Estonia’s Arvo Pärt is undoubtedly one of the world’s most popular composers of concert music. Pärt’s mature style, often called “Holy Minimalism,” involves triadic harmony and stepwise melodic movement in slowly unfolding textures.
The composer is probably best known for the works composed just after he developed this style in the early 1970s, following an extended period of study of early Western music and his conversion to the Russian Orthodox faith. These pieces include 1976’s Für Alina for piano, and 1977’s Fratres for string quintet or wind quintet, Cantus in Memoriam Benjamin Britten for string orchestra and bell, and Tabula Rasa for two violins, chamber orchestra, and prepared piano.
Pärt’s four symphonies, from 1964’s First to 2008’s Fourth, trace a stylistic path through an early, eclectic style that included twelve-tone elements, neo-classicism, and more than a hint of polystylism, to the Holy Minimalism of his maturity. The symphonies are recorded together for the first time on a new ECM disc (get it from Amazon) by the NFM Wrocław Philharmonic under the direction of longtime Pärt champion Tõnu Kaljuste.
Symphony No. 1 (“Polyphonic”), from 1964, is in two movements, labeled “Canons” and “Prelude and Fugue.” The polyphonic music in each movement is created using a twelve-tone row. This combination of archaic and modern techniques was common at the time, and the composer’s mastery of them is clear throughout the piece. This symphony is Pärt’s last student work, and it finds the composer working out his artistic direction.
While the First Symphony has some of the temporal sweep of the Polish composer Witold Lutosławski’s works of the same period (the differences are far greater, though), the Second Symphony, from 1966, is a model of concision. Its three movements take less time to play than the “Canons” from the First. It is more varied in sound and texture than the earlier work, flirting with polystylism, with rapid style changes and shifts in harmonic style. It is a colorful work, and my favorite of the four.
Composers face constant external stylistic pressures from market, peer, academic, and governmental sources. There are also inner compulsions, both musical and non-musical, that inform a composer’s voice and style. For Pärt, these compulsions and pressures drove him to essentially withdraw from public life from 1968 to 1976, during which time he pursued the studies of ancient music and Orthodox spirituality mentioned above.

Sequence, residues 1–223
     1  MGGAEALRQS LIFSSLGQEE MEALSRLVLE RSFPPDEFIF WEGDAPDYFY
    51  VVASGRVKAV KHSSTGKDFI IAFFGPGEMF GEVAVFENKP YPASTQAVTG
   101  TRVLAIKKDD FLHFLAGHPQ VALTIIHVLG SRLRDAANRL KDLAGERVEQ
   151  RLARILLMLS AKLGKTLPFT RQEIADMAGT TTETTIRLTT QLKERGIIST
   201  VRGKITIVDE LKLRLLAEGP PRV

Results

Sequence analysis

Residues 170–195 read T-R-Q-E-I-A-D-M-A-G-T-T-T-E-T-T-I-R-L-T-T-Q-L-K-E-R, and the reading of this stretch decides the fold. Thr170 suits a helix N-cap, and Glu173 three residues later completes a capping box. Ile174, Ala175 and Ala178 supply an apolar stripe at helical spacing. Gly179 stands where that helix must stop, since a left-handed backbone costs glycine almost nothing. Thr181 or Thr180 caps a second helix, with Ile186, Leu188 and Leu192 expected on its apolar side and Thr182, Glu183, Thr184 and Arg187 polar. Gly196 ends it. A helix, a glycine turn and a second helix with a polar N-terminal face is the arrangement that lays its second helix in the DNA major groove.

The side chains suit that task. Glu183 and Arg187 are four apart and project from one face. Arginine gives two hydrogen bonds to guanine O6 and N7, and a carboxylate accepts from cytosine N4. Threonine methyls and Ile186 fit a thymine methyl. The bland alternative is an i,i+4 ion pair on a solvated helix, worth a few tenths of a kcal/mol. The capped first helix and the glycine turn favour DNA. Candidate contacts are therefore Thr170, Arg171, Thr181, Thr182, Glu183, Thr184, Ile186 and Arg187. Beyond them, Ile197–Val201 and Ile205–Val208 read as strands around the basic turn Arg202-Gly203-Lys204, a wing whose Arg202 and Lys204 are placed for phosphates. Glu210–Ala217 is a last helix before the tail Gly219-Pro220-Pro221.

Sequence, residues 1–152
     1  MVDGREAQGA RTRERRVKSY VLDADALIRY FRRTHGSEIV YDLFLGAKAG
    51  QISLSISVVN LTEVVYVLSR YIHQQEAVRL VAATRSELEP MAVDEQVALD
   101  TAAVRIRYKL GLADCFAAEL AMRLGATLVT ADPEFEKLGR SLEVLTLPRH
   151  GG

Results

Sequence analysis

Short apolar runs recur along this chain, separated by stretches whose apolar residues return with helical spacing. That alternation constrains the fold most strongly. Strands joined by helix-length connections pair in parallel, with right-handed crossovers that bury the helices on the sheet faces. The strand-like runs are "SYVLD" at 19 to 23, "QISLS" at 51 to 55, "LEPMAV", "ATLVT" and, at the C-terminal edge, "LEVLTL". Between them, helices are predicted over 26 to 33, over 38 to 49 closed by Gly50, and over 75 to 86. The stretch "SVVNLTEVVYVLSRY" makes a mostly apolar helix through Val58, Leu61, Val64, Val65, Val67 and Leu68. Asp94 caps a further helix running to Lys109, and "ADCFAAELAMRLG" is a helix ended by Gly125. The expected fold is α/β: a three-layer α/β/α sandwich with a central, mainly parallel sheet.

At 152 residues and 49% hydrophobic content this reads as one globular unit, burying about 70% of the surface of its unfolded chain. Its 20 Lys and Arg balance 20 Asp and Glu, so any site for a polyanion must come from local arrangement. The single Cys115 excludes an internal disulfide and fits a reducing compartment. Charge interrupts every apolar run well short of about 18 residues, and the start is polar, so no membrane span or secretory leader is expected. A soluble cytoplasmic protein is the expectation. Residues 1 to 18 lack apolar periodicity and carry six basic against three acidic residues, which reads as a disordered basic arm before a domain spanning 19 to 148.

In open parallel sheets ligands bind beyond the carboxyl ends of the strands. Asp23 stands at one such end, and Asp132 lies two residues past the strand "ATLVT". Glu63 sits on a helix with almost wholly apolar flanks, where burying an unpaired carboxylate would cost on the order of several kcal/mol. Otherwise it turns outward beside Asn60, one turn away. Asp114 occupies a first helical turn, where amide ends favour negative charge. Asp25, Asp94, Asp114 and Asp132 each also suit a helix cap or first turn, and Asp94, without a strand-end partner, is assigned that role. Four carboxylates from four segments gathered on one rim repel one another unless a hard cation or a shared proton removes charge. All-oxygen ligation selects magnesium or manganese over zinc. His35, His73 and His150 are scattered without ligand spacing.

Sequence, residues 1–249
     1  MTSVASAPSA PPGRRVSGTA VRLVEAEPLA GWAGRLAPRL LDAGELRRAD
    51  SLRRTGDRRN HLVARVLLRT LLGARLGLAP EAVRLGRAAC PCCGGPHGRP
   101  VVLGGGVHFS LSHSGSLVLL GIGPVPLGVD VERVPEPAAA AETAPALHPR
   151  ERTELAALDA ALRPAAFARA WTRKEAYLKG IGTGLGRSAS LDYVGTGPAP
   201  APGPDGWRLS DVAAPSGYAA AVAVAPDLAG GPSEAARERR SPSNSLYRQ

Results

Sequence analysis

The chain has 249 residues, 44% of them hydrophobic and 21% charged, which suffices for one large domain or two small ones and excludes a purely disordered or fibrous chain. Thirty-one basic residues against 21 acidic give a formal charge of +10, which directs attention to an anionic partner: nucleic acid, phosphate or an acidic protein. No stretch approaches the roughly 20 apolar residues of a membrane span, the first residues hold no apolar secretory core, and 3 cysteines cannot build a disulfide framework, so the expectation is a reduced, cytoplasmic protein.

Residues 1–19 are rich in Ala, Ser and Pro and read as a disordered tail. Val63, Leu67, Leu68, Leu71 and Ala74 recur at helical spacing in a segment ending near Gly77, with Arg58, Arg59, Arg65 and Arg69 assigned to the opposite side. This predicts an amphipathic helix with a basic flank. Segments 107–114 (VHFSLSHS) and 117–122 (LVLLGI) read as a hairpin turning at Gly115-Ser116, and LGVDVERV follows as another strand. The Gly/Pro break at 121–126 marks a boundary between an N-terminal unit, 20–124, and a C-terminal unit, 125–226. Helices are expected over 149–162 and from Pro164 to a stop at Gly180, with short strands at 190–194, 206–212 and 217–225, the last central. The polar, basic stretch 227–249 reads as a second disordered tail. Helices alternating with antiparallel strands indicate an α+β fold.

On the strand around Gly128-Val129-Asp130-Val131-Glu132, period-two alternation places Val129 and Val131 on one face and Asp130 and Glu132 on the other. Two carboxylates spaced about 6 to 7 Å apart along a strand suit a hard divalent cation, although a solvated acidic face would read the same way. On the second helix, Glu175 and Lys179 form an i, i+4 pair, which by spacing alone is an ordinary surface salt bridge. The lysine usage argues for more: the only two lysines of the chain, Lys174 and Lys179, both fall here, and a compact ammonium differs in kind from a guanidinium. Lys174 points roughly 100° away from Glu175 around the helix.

The Third Symphony, from 1971, is the only surviving work from this period. In its stripped-down textures, tonal harmonies, and generally simpler rhythmic language, it points the way to the composer’s current style. The Symphony’s three movements each have a dramatic musical structure, with well-demarcated sections based on their clear use of tonality. It is a remarkably assured statement coming at a time of such internal upheaval for its composer.
The Fourth Symphony (“Los Angeles”), from 2008, is fully in the composer’s mature style. Though it was written in response to a commission from the Los Angeles Philharmonic Orchestra and two other organizations, the title refers not to the California city, but rather to the “Canon for the second guardian angel,” whose textual rhythms guide the rhythms of the symphony. The resulting music is serene, urgent, contemplative, and impassioned. Its three movements are written for a pared-down orchestra of harp, timpani, percussion, and strings. Extended sections of long, languid chords give way to simple melodies in even note values and occasional dramatic outbursts, especially from the timpani. Listening to the symphony is an intense, calming experience.
The performances here are uniformly outstanding. Kaljuste and the Wroclaw players are passionate advocates for Pärt’s music. The sound design shows off the composer’s assured but not flashy organization, and sounds very good at both dynamic extremes. This is an essential recording for Pärt’s many fans, and a valuable one for anyone who wants to hear how one of the era’s most important composers developed.
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